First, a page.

Aveyard, Victoria (2017) King’s Cage. Harper. In the third instalment of Aveyard’s Red Queen series we find our heroine Mare Barrow a prisoner, without her lightening, living at the mercy of a king she once loved. As Mare bears the weight of the Silent Stone the rebellion continues, blood vs blood, ability vs ability, allegiances tested on every side, leading to a lethal high-stakes war. An electrifying action-packed teen thriller. Epic blend of fantasy and dystopia. Rating: 8/10.
Arden, Katherine (2017) The Bear and the Nightingale. Del Rey. Vasilisa Petrovna is the youngest child of a wealthy boyar in the north of Russia, and heir to old magic. Vasya’s mother died while giving birth to her and her father later marries fiercely devout Anna. In a battle between animism and religion Anna and her priest challenge the populace’s devotion to spirits of the hearth, yard and woods, while Vasya is their champion. Meanwhile something terrible is waking in the woods. Arden in her debut novel shapes a deep-winter story of feudal Russia, woven with ancient mythology and folklore. Darkly magical. Rating: 8/10.
Kent, Hannah (2016) The Good People. Picador. In 1825 in a remote valley in south-west Ireland Nóra Leahy’s husband dies suddenly. Nóra is now burdened with the care of her young severely disabled grandson Micheál. Unable to care for the child alone she hires a fourteenth year old servant girl, Mary. The rumours are already swirling around the valley that the child is changeling, taken by the fairies. Nóra and Mary seek help from Nance Roche, the local wise woman with the knowledge. Fairy lore was an integral part of rural life in nineteenth-century Ireland, clashing strongly with the beliefs of the Catholic Church. This powerful and scholarly novel about superstition, infanticide and vilified women is inspired by a true event. Compelling. Rating: 9/10.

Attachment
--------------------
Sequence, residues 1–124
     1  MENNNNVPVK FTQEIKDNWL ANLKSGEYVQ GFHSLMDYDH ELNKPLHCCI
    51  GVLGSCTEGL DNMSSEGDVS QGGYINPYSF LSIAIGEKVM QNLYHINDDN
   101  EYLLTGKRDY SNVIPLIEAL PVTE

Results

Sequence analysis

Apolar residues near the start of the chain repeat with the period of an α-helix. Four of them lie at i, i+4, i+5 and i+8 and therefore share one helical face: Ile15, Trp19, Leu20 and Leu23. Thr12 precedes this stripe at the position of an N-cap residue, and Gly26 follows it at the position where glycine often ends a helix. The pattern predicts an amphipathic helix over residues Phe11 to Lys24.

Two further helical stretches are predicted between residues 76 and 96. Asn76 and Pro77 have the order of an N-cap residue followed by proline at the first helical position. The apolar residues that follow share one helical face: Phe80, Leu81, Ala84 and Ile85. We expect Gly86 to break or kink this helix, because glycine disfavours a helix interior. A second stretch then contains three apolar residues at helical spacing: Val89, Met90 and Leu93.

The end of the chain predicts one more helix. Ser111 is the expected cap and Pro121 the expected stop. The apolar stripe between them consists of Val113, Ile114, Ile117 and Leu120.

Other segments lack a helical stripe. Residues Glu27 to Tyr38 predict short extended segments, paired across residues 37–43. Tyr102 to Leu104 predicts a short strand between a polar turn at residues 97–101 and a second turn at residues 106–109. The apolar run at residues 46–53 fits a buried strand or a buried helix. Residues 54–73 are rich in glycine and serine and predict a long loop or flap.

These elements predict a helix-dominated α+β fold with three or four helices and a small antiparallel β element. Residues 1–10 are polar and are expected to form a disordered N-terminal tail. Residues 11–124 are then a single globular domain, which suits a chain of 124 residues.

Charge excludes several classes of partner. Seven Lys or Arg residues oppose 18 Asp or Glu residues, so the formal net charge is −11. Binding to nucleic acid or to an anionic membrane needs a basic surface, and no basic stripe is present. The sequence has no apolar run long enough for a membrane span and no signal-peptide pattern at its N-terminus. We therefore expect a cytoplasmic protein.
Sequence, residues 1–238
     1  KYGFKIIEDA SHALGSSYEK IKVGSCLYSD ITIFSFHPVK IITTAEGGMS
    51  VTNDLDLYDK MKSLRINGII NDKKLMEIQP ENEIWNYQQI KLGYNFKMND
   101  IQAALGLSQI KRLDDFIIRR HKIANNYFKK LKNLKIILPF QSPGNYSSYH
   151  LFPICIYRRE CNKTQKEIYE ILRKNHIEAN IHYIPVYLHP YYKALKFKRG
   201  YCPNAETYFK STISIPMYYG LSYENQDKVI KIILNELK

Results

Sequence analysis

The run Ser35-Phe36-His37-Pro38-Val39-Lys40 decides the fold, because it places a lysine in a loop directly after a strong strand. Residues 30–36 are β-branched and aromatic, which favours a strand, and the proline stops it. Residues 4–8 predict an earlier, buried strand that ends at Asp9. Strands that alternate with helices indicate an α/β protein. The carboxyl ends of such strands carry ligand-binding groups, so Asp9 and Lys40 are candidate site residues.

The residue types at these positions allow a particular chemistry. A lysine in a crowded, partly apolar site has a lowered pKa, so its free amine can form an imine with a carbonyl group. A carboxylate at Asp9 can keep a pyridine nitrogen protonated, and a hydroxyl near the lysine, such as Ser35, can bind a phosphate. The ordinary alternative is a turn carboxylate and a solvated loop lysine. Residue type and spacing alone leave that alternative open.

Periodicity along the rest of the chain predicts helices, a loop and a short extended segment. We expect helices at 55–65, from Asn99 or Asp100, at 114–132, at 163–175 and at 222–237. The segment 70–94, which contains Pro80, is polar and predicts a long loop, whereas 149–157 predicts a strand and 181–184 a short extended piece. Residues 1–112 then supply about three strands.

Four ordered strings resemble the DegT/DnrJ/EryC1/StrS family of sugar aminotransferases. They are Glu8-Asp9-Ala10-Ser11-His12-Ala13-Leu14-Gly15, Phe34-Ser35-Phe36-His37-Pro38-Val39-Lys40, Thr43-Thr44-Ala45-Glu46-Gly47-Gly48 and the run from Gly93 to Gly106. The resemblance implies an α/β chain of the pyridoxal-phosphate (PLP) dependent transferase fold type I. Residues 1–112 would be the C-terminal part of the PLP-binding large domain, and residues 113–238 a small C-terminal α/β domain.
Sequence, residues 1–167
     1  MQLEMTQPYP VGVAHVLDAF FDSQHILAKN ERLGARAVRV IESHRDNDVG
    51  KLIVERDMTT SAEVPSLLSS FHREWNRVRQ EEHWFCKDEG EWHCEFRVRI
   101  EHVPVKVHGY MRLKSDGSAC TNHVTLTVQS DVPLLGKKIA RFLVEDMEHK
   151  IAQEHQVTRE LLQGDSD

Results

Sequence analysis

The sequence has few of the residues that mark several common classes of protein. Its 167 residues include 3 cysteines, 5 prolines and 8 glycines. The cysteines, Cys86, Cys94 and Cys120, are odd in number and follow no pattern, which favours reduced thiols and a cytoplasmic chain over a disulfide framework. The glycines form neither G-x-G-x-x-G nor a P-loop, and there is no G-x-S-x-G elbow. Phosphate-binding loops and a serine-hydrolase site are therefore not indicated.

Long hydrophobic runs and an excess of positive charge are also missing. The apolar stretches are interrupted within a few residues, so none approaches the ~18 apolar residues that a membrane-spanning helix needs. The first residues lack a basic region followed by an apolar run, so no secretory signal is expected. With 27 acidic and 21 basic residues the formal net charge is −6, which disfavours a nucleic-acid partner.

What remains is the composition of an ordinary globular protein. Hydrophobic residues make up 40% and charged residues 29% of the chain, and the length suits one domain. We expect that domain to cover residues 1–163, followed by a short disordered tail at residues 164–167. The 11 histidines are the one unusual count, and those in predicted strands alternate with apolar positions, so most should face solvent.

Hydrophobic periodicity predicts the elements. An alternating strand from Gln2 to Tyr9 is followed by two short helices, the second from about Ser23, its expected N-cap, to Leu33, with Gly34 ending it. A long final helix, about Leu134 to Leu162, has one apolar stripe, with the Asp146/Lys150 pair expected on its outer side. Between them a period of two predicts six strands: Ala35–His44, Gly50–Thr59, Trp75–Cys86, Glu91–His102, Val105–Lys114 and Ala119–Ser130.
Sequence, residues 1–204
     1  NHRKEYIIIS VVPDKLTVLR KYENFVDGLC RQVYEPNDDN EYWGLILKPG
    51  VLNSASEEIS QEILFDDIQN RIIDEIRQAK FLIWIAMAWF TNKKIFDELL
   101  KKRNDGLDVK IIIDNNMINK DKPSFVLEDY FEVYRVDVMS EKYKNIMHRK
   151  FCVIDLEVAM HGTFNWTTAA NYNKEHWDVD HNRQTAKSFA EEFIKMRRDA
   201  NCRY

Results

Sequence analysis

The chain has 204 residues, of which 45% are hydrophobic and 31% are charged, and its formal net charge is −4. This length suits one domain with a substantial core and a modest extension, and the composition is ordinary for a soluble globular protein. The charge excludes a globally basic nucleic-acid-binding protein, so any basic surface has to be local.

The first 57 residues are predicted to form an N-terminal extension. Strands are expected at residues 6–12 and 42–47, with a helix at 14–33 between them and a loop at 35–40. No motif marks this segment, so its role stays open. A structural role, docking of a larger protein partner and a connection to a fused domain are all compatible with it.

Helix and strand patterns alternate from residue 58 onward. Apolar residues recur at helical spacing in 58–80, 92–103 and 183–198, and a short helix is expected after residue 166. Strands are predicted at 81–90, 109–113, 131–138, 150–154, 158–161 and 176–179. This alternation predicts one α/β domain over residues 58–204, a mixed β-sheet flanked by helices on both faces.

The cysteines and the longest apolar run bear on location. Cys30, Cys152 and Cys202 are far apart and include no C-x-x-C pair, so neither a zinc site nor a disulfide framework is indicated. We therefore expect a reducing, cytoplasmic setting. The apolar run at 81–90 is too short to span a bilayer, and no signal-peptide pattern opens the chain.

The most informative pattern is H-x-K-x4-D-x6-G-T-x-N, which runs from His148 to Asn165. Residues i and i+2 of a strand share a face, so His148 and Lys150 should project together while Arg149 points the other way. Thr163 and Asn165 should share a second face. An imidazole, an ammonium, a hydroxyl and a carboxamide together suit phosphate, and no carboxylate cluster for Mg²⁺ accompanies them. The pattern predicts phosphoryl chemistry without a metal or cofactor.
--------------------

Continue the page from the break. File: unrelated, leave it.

Harari, Yuval Noah (2016) Homo Deus: A Brief History of Tomorrow. Harvill Secker. This sequel to Sapiens is an epic inquiry that raises the big questions of history whilst investigating humanity’s apocalyptic and tech-driven future. Harari suggests that “dataism” and non-conscious, but highly intelligent, algorithms may soon know us better than we know ourselves, and the masters of the universe will be the techno super-rich. He leaves us with the question – “what’s more valuable – intelligence or consciousness?” – and concludes that Google will be no help in providing the answer. Compulsive yet chilling. Rating: 8.5/10.
Rutherford, Adam (2016) A Brief History of Everyone Who Ever Lived. Weidenfeld & Nicolson. Since scientists first read the human genome in 2001 it has been subject to all sorts of claims, counterclaims and myths. Rutherford’s premise is that modern genetics has far less to say about us as individuals than we have been led to believe, but it does say a lot about us as a species. This history of Homo sapiens and our DNA demonstrates divergent concepts in an accessible manner. Popular science writing at its best. Rating: 9.5/10
Fforde, Katie (2017) A Secret Garden. Century. Every year I swear off Katie Fforde as being too formulaic, but each new year I am awaiting her latest title. Fforde’s sweet rural romances are gentle and comfortable. In her latest novel middle-aged Lorna and young Philly are rejuvenating the gardens of a lovely manor house in the Cotswold, when they discover an old and secret garden. Their lives are complicated by friends, troublesome family and new loves, but happy endings are just around the corner. Warm escapism. Rating: 8/10.